Together at Home

© Sarah Bourne
Published by Sarah Bourne on Wed, 22 Apr 2020 00:00
Sarah's blog

I was uplifted by watching BBC 1’s Together at Home concert on Sunday evening.  And it wasn’t only because of the contributions of the music celebrities who filmed themselves performing at home, although it was great to see so many famous singers seated informally at their piano, keyboard or guitar, accompanying themselves in the way that some of us might do in our own sitting room. 

The best aspect of the programme was hearing the stories of “ordinary” people (who should be re-named extraordinary people) who are working on the frontline in this pandemic to keep us alive and flourishing.   They work in care homes, in hospitals, in schools; they are delivering our post and parcels, stacking the shelves in supermarkets, responding to emergency calls as paramedics, collecting our rubbish, and performing many other jobs which have not previously been valued or remunerated appropriately  because society values fame and celebrity over commitment and service.  We even heard about people living apart from their families in order to be able to continue in their key roles and minimise the risk of spreading disease. 

Towards the end of the concert there was a special recording performed by Celine Dion, Andrea Bocelli, Lady Gaga and John Legend, accompanied by world-famous virtuoso pianist Lang Lang, with the parts individually recorded in their own homes and brought together by modern technology.  The words of the song expressed a deep-felt prayer which many of us might want to offer.

‘Let this be my prayer’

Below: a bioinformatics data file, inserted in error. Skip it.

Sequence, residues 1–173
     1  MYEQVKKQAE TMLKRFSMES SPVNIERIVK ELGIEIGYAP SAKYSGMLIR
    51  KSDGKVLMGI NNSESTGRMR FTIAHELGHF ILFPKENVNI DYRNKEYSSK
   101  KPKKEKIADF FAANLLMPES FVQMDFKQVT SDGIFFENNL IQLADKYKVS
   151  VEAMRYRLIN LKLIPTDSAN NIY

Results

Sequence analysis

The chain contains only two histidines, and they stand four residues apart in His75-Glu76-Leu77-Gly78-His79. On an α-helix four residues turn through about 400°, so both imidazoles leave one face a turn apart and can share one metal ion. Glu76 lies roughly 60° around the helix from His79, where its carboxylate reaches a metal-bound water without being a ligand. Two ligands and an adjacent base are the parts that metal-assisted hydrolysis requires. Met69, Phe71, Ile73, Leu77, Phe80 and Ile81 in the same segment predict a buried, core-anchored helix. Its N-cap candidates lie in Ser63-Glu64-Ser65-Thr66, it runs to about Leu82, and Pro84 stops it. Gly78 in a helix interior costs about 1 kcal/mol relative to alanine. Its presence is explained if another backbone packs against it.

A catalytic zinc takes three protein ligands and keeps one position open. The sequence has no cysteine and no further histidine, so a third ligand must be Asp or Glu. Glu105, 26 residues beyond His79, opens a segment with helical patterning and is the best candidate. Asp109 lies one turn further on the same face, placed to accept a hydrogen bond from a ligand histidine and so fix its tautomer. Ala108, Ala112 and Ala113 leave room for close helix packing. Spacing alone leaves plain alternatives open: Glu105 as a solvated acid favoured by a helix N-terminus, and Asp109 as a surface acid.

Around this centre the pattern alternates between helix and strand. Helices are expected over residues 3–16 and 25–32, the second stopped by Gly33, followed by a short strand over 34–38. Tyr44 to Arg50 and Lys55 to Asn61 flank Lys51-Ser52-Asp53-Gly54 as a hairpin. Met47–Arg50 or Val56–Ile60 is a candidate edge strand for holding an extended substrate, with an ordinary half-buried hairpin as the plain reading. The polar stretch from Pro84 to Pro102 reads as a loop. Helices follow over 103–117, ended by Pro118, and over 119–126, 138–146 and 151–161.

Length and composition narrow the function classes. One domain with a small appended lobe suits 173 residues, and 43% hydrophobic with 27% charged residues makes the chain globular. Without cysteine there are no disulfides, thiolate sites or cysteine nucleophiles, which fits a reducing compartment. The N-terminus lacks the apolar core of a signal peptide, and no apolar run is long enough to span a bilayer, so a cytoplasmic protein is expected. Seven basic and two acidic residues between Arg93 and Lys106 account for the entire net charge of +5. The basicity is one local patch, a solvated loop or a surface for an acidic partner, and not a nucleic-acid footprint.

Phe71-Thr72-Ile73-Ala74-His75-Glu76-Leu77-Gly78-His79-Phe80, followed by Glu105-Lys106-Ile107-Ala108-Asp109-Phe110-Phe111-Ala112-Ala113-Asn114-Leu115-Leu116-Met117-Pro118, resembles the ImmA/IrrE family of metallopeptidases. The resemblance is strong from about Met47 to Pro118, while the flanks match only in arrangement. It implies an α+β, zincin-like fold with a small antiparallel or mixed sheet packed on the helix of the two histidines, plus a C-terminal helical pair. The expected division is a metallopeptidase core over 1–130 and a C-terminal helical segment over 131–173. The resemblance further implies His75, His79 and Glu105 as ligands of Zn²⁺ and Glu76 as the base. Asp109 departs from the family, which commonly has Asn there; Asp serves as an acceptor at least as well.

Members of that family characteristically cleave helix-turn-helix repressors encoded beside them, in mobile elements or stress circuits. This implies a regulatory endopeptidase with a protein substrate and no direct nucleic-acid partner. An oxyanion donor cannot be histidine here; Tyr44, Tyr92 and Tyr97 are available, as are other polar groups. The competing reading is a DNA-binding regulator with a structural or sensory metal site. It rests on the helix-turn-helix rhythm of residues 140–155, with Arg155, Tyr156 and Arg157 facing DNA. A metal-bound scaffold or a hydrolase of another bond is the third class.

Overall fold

I pray you’ll be our eyes and watch us where we go

And help us to be wise in times when we don’t know.

Let this be our prayer when we lose our way

Lead us to a place, guide us with your grace

To a place where we’ll be safe.

https://www.youtube.com/watch?time_continue=177&v=SYJCYr1I-Sk&feature=emb_title

 

And another thought struck me as I watched this.  All the famous celebrities throughout the two hour programme were expressing their love and gratitude to the thousands of key workers who continue to serve all of us in the face of personal risk and danger.  And as the stars voiced their appreciation on behalf of us all, it set me thinking about how society needs to change in the future and remunerate the unsung contributions of everyday workers more fairly in comparison to rewarding the rich and famous.  The words of Jesus to his disciples (when they argued about which one of them was the greatest and the most important) came to mind.  Jesus told his followers, “Those who have authority over others are called ‘very important’.  But you must not be like that.  The greatest among you should be like the youngest, and the leader should be like the one who serves” (Luke Chapter 22, verses 24-26). In future, let’s reward more generously those who serve out of the spotlight.

Sarah Bourne – 22nd April 2020            sarahbourne@banburystmary.org.uk

Comments

Louise Adey Huish
Amen to that! Thanks, Sarah. Louise

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